Share via Email Pringles … to be eaten by the pool while wearing a bikini. Alamy Stock Photo What do women mean when they say they feel fat? This has become such a gender cliche that some people too easily assume it is universal. I was neurotic about my body for years, as were most of the girls, and later women, who became my friends. We never ate pudding, and if it was a good or a bad day was determined by how tight our jeans felt that morning. While we loathed ourselves for falling for this shallow, self-obsessive nonsense, we loathed our bodies more.
What women really mean when they say they’re feeling fat
Talking to Kids About Body Image
Pinterest Ericka McConnell A few months ago my then 2-year-old daughter, Penny, was looking at us in the mirror at her toddler dance class and pointed at me excitedly: Then she looked down at her own tummy and said with a smile, "I have a big belly too" It's true: She hasn't lost all of her baby pudge yet and has a round tummy that often garners coos and pinches from other moms, and raspberries from me and her dad. My daughter's body is much like mine was as a kid. At times this similarity scares me—does that mean she's doomed to struggle with weight and self-image the way I did for so many years? Just about any mom with a child who has some heft has probably wondered: Could my kid be on her way to getting fat?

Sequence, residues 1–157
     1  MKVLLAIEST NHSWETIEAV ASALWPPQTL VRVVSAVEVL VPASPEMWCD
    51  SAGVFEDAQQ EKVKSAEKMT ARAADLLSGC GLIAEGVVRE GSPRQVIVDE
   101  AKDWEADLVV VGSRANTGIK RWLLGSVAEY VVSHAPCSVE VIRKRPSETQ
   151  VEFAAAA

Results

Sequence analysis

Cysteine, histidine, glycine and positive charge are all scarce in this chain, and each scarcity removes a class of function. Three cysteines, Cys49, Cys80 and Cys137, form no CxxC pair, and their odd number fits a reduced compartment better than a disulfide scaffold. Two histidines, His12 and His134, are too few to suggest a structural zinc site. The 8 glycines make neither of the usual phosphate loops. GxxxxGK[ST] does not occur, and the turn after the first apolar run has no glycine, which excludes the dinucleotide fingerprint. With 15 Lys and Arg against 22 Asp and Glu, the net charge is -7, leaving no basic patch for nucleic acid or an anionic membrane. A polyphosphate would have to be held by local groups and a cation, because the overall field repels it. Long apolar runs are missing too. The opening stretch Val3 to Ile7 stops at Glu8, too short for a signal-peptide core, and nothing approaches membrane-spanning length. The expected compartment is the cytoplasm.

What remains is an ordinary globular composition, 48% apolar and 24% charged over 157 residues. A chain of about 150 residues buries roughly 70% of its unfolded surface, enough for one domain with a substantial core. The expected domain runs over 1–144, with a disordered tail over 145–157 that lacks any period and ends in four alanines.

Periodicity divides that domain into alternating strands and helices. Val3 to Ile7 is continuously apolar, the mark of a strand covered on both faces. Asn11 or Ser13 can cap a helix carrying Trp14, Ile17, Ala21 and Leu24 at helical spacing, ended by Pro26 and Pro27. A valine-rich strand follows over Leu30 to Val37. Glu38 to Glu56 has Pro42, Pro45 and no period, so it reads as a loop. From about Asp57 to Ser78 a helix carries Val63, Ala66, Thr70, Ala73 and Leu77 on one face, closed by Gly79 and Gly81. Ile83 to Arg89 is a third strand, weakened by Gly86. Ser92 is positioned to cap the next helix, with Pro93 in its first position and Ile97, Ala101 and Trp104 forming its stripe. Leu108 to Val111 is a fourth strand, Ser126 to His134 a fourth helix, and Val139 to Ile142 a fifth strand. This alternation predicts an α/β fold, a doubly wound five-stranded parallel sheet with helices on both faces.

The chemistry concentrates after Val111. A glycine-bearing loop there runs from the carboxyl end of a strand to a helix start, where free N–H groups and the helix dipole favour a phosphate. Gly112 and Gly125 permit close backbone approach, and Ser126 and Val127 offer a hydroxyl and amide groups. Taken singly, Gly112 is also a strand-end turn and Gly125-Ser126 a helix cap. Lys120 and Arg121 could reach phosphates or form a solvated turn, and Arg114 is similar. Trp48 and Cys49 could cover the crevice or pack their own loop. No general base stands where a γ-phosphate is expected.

My fantasy seem poised to come true with the birth of our firstborn, Hannah, a calm and compliant child who was snuggly, easily entertained, and loved every hairdo I concocted for her. She was everything I imagined would come with the daughter package, and I looked forward to more. When Hannah turned 3, my Little Women fantasy came to an abrupt halt with the birth of Isaac, followed 16 months later by Benny.